But why did Jordan leave the Bulls? It’s simple, no Phil Jackson meant no Michael Jordan. MJ openly admitted on many occasions that he would not play for the Bulls again under any other coach apart from Jackson. That original falling domino of Jackson’s exodus led by Krause caused more and more pieces to fall, ultimately losing Jordan and the rest of the legendary Bulls team.
What Happened To the Rest of the Bulls Dynasty?
While the loss of Jordan was immensely impactful to the team, the disbandment of Pippen, Kerr, Rodman, Harper, Longley and the rest was equally as devastating. The dynasty was no more, and the once unstoppable dream team faded away. Many of the alumni players have had mixed results over the years, more often than not unable to find the same success than when they were with the Bulls:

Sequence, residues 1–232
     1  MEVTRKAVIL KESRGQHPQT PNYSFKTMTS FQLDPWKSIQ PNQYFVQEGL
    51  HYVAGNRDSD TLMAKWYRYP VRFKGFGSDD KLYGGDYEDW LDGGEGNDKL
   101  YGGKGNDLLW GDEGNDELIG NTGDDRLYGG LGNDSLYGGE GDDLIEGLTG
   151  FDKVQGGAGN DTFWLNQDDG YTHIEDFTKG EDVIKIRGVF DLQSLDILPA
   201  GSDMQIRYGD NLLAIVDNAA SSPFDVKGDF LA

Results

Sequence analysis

- Scottie Pippen: After years of battling Bulls management for equal pay, Pippen finally got his just desserts, landing maxed contracts with the Houston Rockets in 1998 before switching to the Portland Trailblazers in 1999. In his final years before retirement Pippen returned to the Bulls in 2003 for a final victory lap.
- Steve Kerr: It’s no secret that Kerr saw the most success once leaving the Bulls for the San Antonio Spurs the following year. He managed to scoop up his fourth straight NBA Championship and first with the Spurs in 1998. In the following years, Kerr spent some time at the Portland Trailblazers before returning to the Spurs for another NBA Championship victory in 2003.